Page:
Better sports drinks or pre-workout shakes contain L-citrulline
Sports drinks with fast carbohydrates that endurance athletes drink during training sessions, and also protein shakes that bodybuilders down before pumping iron, probably work better if they contain a couple of grams of L-citrulline [structural formula on the right]. Scientists at Maastricht University Medical Centre in the Netherlands discovered that L-citrulline boosts the body's nutrient uptake during exertion.
Peri-workout-nutrition is a tried and tested performance-enhancing strategie in all areas of sport. Ingesting extra carbohydrates during a training session helps endurance athletes achieve better times, and speeds up the restoration of glycogen reserves in the muscles. Bodybuilders accumulate more muscle mass, and recover faster, if they ingest a portion of proteins or amino acids just before training.
But during intensive exertion the digestive tract becomes less active, so the uptake of amino acids and carbohydrates decreases. As a result the added value of peri-workout-nutrition is limited. For example, the optimal amount of protein that bodybuilders can take in before and after workouts is not very large: 18 g recent studies suggest. Dutch scientists reported already years ago that caffeine can have to some extent a positive effect, but little has been done with this information.
The researchers in Maastricht were curious whether supplementation with L-citrulline, an amino acid that is produced when L-arginine oxidises, might improve the functioning of the small intestine during exercise. The capillaries in the intestines become narrower during exertion because the body gives priority to supplying the muscles with oxygen and nutrients. L-Citrulline converts into L-arginine in the intestines, and enzymes in the blood vessels of the gut cells can use L-arginine to produce nitrogen monoxide [NO].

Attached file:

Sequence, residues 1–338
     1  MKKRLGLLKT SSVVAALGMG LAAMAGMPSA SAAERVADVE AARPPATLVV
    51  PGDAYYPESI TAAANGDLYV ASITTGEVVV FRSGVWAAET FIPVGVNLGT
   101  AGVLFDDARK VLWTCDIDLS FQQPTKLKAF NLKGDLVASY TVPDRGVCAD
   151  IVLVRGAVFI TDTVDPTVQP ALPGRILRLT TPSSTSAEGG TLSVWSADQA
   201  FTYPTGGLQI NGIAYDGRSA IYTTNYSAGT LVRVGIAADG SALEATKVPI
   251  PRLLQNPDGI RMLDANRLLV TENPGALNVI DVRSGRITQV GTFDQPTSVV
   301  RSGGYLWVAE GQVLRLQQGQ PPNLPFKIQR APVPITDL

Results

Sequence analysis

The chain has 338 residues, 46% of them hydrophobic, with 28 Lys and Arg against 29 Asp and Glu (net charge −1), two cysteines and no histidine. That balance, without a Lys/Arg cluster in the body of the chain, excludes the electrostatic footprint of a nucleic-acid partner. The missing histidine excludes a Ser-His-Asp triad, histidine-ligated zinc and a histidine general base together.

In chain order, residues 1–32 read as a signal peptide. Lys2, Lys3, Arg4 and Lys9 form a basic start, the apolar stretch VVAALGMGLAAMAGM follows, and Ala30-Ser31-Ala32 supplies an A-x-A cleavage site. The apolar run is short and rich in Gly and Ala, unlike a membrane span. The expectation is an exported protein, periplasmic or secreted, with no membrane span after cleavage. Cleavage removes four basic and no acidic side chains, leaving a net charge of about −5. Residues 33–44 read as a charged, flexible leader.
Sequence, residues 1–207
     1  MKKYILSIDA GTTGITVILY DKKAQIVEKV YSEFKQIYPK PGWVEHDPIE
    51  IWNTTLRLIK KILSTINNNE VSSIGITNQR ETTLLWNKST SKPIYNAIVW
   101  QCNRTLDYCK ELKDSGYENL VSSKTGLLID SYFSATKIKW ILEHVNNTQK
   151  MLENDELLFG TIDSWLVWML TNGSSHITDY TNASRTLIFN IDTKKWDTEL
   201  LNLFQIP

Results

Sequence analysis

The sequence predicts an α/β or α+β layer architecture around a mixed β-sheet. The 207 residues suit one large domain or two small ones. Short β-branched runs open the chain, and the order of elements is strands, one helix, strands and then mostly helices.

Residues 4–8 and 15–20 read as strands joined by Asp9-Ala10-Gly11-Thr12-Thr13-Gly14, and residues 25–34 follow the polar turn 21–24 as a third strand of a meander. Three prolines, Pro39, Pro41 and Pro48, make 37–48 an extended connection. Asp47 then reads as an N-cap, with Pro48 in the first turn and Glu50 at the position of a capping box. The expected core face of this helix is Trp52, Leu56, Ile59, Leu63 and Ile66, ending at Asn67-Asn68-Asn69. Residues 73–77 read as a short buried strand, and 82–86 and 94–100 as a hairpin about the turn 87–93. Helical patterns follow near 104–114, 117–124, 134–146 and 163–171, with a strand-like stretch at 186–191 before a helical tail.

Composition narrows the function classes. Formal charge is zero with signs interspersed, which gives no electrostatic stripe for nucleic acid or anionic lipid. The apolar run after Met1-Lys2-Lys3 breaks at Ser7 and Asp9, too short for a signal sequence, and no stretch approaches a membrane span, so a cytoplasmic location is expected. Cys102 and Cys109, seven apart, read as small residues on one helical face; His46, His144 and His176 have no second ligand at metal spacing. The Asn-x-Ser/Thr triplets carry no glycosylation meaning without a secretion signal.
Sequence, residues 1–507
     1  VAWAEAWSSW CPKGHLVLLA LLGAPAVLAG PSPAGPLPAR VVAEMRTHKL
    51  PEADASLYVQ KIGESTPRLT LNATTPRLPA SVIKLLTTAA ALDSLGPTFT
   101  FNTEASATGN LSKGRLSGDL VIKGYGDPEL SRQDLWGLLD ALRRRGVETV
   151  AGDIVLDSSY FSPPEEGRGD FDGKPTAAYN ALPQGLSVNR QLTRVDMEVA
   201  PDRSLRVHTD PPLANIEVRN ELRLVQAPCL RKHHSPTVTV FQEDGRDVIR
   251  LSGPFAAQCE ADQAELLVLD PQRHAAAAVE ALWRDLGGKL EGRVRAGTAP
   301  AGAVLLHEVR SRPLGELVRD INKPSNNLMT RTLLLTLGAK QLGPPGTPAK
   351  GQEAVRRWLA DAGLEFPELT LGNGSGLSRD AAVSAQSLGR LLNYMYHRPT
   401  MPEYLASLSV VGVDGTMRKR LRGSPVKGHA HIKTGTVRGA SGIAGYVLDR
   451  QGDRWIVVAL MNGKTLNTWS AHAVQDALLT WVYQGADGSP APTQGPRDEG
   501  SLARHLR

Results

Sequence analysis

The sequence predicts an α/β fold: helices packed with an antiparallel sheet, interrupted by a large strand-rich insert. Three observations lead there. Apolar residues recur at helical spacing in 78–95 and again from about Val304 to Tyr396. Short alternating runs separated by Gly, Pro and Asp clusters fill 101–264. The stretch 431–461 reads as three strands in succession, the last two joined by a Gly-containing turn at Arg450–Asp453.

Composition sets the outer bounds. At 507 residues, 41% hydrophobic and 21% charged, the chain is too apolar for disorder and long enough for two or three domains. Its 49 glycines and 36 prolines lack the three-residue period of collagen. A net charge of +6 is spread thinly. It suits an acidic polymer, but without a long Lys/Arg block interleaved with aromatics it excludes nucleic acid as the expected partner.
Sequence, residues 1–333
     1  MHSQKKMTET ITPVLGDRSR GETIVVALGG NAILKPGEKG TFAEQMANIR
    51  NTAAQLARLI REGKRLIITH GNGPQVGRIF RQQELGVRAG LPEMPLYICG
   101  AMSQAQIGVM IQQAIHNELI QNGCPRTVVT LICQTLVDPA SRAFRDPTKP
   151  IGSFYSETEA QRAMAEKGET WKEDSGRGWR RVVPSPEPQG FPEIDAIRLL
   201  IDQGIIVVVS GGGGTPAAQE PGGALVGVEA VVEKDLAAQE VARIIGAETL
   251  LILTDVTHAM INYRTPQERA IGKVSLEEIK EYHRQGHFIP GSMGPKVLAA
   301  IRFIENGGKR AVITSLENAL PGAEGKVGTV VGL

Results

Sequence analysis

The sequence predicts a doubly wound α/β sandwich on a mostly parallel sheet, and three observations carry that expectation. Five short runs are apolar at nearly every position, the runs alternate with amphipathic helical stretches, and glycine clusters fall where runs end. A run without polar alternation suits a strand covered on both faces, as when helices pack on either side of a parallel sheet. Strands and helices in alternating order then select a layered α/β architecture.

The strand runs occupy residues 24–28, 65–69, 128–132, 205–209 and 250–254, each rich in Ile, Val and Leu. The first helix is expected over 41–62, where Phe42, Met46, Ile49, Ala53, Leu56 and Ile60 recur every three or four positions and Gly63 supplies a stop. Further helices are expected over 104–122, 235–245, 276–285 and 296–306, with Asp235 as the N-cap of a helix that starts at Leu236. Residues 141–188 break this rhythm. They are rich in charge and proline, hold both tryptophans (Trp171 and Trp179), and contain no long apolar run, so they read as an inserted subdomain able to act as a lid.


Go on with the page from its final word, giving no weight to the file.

Nitrogen monoxide causes blood vessels to widen, thus improving the oxygen supply to the gut cells. It also enables more nutrients to be transported from the digestive tract to the body. At least, that's what you'd expect.
The researchers got trained endurance athletes to cycle for an hour on two different occasions. The intensity was that of 70 percent of their maximal load.
Half an hour before starting to cycle the subjects were given a placebo on one occasion and on the other 10 g L-citrulline. The researchers chose not to experiment with L-arginine, as many people get acute diarrhoea the first time they ingest 10 g L-arginine. In addition, the body breaks L-arginine down fast.
After taking a placebo the concentration of intestinal fatty-acid binding protein [I-FABP] rose in the subjects' blood. This protein is normally found in gut cells. If these disintegrate as a result of intensive exertion, then the concentration of I-FABP in the blood increases. The I-FABP concentration did rise less if the subjects had been given L-citrulline before starting to cycle.
While the subjects cycled the researchers used portable microscopes to examine the blood vessels under the athletes' tongues. If these widened the blood vessels in their intestines probably did the same. The figures above show that cycling with a placebo caused the blood vessels under the tongue to become narrower, but supplementation with L-citrulline did cause them to widen.
"The current study demonstrates that a single oral dose of L-citrulline prior to exercise preserves splanchnic perfusion and reduces intestinal injury during exercise", the Dutch write. "The mechanism probably entails increased arginine availability for NO-mediated vasodilatation. These data suggest oral L-citrulline supplementation to be a promising strategy to improve gastrointestinal blood flow and prevent intestinal injury in athletes without adverse gastrointestinal effects as observed for arginine."
Med Sci Sports Exerc. 2014 Nov;46(11):2039-46.
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